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Complicit in Corruption: How German Companies Bribed Their Way to Greek Deals


Part 2: Millions Paid to 'Consultants'

Photo Gallery: Greasing the Wheels of Business Photos

A prime example of such transactions is the sale of 170 tanks that Krauss-Maffei Wegmann (KMW) recently delivered to Greece. In exchange, the company was to receive €1.7 billion.

Such deals normally involve paying millions for consulting services. Exactly what kind of consulting is provided and why the companies are often located in tax havens remains largely a mystery. The secret firms generally belong to Greek "intermediaries" -- industrialists working on commission. In many cases, so investigators suspect, these intermediaries then distribute the money to decision-makers.

In the case of KMW, right about the time when companies were invited to bid on the contract, a Greek tycoon established a shell corporation on the Caribbean island of Nevis in the fall of 1999. The firm then concluded two contracts: a negotiating agreement with KMW and one with a firm called Evanston Group Ltd. on the British Virgin Islands, which was supposed to receive $60 million in exchange for the "acquisition of offset options."

Top Secret

How, exactly, is a shell corporation in the Caribbean supposed to provide services in Athens? When these agreements -- which were classified as top secret due to their "political nature" -- became public, officials in Munich launched an investigation. But they have made no headway because the Virgin Islands refuse to cooperate.

In Greece the Athens chief public prosecutor and an investigative committee looked into the role that politicians played in the deal. But these investigations have also come to nothing. That's hardly surprising in a country where not a single one of the 450 most important corruption cases in recent years has been concluded before a court of law.

Both KMW and Ferrostaal explicitly deny ever having paid bribes for the respective deals.

Payment Overdue

By now the defense contractor has delivered all 170 Leopard tanks to Greece -- but Greece still owes the company €180 million on the order.

The German submarine consortium reports that payments have only trickled in since 2005. Here the Greek state currently still owes €321 million. And Siemens is still waiting on an additional €20 million from the security technology deal for the Olympic Games.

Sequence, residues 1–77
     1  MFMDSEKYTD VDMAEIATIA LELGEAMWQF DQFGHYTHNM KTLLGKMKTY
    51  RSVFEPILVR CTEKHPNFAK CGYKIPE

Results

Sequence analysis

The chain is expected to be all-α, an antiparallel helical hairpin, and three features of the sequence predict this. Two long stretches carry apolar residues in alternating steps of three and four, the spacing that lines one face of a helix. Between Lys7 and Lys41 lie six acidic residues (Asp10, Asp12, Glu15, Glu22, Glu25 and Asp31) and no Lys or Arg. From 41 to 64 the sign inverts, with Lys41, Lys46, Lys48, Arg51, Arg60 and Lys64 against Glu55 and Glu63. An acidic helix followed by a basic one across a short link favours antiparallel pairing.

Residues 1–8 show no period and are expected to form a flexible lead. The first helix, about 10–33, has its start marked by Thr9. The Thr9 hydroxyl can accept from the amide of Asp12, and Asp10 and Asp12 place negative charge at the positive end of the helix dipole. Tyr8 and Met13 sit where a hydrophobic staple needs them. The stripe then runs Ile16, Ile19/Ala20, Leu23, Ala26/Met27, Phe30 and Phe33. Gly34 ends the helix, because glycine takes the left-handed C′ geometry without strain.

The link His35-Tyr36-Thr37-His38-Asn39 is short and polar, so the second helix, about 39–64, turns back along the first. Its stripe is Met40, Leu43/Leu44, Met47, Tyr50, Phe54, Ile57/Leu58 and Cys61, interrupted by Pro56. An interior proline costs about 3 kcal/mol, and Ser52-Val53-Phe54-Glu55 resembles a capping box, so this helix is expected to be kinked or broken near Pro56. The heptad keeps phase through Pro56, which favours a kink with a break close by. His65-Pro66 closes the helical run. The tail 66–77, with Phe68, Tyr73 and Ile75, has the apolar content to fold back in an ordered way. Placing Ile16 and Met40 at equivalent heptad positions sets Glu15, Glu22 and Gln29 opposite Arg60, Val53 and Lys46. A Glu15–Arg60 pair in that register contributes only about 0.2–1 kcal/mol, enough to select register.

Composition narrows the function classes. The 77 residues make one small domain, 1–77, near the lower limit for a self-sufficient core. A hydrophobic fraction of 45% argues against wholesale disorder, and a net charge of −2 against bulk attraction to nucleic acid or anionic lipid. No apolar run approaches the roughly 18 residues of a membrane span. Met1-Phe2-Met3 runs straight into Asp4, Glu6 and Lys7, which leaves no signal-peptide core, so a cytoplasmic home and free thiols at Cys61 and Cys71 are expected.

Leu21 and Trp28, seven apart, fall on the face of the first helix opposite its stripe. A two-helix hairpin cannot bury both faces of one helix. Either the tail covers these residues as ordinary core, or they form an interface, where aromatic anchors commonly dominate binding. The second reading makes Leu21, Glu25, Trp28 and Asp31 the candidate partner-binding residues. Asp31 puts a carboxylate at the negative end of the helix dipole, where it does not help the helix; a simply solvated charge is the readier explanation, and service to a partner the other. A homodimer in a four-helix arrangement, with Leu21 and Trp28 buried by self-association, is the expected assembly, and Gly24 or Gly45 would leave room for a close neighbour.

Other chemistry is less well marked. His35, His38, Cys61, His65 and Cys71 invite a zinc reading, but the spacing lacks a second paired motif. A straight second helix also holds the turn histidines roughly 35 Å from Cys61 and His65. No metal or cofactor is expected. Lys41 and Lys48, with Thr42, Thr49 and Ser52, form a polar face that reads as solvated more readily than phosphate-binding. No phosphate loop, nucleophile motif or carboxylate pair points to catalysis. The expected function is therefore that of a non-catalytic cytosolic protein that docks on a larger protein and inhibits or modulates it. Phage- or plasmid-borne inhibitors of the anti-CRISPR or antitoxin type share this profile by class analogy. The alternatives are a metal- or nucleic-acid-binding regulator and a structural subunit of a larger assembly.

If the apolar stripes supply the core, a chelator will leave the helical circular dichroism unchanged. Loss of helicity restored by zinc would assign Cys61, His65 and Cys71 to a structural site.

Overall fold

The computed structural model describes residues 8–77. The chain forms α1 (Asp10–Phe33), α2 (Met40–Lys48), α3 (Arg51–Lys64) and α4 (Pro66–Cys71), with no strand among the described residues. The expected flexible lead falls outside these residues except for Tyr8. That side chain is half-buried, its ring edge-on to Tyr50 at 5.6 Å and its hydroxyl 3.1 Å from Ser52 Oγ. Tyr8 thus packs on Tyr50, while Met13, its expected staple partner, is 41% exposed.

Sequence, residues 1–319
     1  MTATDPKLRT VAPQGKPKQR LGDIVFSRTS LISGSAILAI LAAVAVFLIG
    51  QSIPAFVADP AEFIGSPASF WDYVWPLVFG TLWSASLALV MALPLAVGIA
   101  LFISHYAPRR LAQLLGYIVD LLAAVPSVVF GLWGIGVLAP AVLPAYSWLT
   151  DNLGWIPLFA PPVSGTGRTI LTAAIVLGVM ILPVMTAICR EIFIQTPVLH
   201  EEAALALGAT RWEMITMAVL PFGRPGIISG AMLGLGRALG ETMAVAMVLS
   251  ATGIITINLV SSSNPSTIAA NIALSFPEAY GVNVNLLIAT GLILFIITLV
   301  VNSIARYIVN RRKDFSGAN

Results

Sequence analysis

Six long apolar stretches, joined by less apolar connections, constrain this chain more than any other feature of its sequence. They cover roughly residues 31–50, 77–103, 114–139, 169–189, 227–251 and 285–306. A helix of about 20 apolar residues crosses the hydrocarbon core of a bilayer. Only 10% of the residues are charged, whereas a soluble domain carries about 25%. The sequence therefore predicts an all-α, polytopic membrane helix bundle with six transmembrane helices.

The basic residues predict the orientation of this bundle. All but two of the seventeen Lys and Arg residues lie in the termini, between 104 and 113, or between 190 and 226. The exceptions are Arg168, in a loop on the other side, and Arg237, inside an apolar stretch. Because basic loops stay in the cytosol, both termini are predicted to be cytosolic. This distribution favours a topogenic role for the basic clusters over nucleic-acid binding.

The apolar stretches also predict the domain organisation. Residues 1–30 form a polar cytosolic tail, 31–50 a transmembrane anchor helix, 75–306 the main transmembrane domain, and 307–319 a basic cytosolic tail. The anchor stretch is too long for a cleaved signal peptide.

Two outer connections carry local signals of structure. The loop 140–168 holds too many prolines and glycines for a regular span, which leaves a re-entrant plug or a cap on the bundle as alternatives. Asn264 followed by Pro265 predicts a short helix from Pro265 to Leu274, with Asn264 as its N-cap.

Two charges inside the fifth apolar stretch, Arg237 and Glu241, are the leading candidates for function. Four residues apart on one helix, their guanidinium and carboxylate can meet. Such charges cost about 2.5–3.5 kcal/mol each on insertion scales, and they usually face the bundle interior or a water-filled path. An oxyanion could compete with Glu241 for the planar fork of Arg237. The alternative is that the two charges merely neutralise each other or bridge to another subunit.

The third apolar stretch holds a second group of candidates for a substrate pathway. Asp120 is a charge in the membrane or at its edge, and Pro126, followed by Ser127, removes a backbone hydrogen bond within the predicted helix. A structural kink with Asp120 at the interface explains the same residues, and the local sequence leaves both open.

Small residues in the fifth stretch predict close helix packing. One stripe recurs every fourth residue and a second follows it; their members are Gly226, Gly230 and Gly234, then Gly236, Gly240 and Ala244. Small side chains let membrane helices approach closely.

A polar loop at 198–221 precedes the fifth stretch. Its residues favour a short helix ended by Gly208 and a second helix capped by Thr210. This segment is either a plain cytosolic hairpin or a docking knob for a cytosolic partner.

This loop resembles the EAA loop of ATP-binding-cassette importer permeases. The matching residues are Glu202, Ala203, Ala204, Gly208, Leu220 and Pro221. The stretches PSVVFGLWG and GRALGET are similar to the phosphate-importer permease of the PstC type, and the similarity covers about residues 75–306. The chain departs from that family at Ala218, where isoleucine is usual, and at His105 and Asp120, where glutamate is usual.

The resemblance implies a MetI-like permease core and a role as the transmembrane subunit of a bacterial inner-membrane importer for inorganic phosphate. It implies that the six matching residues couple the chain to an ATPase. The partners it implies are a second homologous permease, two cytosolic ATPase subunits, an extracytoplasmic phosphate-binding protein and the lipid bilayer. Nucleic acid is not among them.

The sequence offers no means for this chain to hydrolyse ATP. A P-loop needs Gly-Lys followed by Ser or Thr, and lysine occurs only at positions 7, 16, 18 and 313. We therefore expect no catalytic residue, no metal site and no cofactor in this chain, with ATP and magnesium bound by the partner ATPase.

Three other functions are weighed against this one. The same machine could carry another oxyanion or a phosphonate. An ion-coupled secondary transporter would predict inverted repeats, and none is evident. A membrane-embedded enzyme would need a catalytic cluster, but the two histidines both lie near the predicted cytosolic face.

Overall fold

This has prompted a number of defense companies to turn to the German government. Their demand: If Germany is helping Greece, then the Greeks should at least pay their debts.

Translated from the German by Paul Cohen

Discuss this issue with other readers!
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1. Astonishing similarity to another recent Der Spiegel’s article
Norberto_Tyr 05/12/2010
The real question is philosophical; can pragmatist materialistic people live together with idealistic one without destroying the social fabric? The answer, without doubt, is no. How can someone be fairly tried by judges that not believe in truth? And be sure about this, pragmatists will flood the legal system clogging and filling the courts to the brim. Therefore, I would say that modern Greek’s problems are related to the migratory policies of the Turks and British protectorate. Norberto
2. Portugal's officals also have been bribed
algarvedaily 12/02/2014
This is the same scenario in Portugal where the Germans refuse even to pay the agreed sums in offset deals. See http://www.algarvedailynews.com/news/3588-submarine-bribery-report-no-proof-of-unlawful-acts and http://www.algarvedailynews.com/news/1414-submarine-case-over-nobody-guilty and the current favourite http://www.algarvedailynews.com/news/4064-submarines-germans-add-insult-to-injury
3. Moral Hazard
sarchis_dolmanian 07/20/2015
Moral Hazard has always been a double edged sword. So are miza and fakelaki. They end up destroying the very foundation of any society, mutual trust that has to exist between its members. https://nicichiarasa.wordpress.com/2015/07/08/moral-hazard/
vera_fernandes 09/25/2015
The title should be: Complicit corruption: How German Companies Bribed Their way to Southern European deals.
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Graphic: German exports to Greece (2009) Zoom

Graphic: German exports to Greece (2009)

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